Looking ahead to future developments, Trond Heldal, director of R&D and operations for Osmotex, is enthusiastic. “Our biggest challenge now is to make it more affordable across more brands,” Heldal says.
Technically, they also want to make the membrane even thinner, and are also looking to integrate further technologies, such as sensors. Heldal is aware, however, of the roadblocks. “It’s like micro-computers were in the 1980s, no one knows how much is possible with very different skills coming together,” he says.
Schoeller communications manager Dagmar Signer says, “Innovation is in our genes,” a mantra that is passed down from CEO Siegfried Winkelbeiner. The process of implementing this falls to teamwork, starting in the laboratory developing small samples and bringing the decision-making process to the whole team to decide what to take forward and what route to follow.
As Signer says, “it’s a very collegiate process.” While each of these stakeholders has come to the project at different times and with their own ways of working, the common factor is a shared belief in the goal, paired with pragmatism and recognition of the very real challenges to be faced.
The St Gallen region of Switzerland is noted for its long history of embroidery; today, notable textile companies based there include Forster Rhoner AG. Founded in 1904, it remains a family-run business producing high quality embroidery for haute couture, ready-to-wear and lingerie.
The company branched out with a new business unit, established in 2011. Forster Rohner Textile Innovations filed patents for conductive yarns providing the foundation for e–textile lighting and textile sensor developments using core competencies in embroidery. The company describes its activities as “[combining] material science with visionary embroidery technology and electronics.”
Lighting for interiors is a key market, due in large part to consumer acceptance. As Adis Causevic, head of technical development, observes, “People are more accepting of a phone [strapped] on the arm rather than a T-shirt.” The phone is a device that can perform a number of functions, rather than relying on several devices for separate monitoring and communication functionalities. Causevic says making this connection is a big issue for wearable technology, while in other applications (a curtain, for example), it is not.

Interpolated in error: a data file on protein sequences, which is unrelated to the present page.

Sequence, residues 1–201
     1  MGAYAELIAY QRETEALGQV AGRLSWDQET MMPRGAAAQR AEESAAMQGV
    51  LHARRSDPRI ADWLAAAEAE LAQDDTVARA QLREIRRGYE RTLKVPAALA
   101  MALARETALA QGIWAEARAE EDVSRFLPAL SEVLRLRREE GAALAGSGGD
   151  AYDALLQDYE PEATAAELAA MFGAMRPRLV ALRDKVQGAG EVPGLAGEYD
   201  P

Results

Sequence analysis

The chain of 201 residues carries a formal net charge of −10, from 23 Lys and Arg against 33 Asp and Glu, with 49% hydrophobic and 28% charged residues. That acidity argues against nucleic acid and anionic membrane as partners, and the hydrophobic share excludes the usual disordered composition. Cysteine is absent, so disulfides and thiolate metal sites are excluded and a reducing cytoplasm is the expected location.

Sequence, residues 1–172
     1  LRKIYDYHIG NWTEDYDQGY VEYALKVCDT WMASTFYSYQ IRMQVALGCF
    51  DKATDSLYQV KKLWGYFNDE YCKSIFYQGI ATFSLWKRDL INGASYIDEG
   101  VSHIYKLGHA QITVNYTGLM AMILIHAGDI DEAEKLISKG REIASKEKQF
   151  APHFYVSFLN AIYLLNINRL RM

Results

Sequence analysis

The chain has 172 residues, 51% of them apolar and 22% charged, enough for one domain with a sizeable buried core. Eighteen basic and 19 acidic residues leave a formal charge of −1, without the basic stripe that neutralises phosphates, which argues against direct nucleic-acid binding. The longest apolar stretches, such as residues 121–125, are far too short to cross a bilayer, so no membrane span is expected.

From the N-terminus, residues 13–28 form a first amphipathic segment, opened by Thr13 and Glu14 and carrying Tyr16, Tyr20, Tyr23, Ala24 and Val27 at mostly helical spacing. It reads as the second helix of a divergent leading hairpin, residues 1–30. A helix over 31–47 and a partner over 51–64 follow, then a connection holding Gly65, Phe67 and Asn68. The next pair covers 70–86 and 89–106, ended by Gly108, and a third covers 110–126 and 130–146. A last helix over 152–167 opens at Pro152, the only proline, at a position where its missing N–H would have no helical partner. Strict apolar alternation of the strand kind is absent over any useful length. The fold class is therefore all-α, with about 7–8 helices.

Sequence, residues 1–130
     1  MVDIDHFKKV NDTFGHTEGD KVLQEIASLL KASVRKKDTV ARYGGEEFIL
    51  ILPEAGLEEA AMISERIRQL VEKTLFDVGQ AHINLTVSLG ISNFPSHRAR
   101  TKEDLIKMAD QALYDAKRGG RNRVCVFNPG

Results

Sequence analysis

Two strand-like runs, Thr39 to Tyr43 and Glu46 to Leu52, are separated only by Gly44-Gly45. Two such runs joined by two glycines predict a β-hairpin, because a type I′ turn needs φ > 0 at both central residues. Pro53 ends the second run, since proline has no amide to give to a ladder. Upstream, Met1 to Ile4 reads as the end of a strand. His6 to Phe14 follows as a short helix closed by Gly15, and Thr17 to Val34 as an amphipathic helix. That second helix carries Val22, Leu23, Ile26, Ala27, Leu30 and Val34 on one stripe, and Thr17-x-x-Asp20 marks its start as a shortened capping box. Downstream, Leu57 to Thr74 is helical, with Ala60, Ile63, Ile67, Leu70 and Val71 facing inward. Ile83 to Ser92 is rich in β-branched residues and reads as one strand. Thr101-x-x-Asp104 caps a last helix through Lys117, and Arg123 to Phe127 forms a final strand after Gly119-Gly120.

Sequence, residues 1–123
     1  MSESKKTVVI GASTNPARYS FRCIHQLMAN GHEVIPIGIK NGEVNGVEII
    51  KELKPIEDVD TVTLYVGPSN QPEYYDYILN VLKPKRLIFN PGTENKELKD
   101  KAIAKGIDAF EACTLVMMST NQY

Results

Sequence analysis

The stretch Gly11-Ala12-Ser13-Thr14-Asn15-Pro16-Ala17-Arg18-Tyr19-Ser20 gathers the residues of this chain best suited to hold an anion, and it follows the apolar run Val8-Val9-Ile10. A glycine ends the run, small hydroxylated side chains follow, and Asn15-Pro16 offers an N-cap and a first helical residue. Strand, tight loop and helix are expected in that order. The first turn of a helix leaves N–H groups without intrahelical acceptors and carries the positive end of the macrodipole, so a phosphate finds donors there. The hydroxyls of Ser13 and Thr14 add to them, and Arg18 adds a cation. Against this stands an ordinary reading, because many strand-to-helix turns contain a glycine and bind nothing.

The pace of technological change and its complexity gives rise to a greater need for interdisciplinary teams to overcome obstacles that are sure to arise. Though trained as an electrical engineer, Causevic still sees textile skills and knowledge remaining the core competencies within the company.
He sees the length of time that it takes to develop new products as an obstacle; with the pace of technology moving so fast, there is a very real risk of being copied. However, once functionality and reliability have been established, other factors come into play. The consumer price would be one, but quality and the reputation that comes with a particular brand identity is increasingly important.
In each of these case studies, there are commonalities in identifying the need for cross-disciplinary skills, whether in-house or through collaboration. One factor that undoubtedly helps is the geographical proximity, as it was for the development of Hydro_bot with its partners in or near Switzerland. In a digital age, being able to sit next to people in a Lab space and work through a problem still has much to recommend it.
Marie O’Mahony is an industry consultant, author and academic. She the author of several books on advanced and smart textiles published by Thames and Hudson and visiting professor at the Royal College of Art (RCA), London.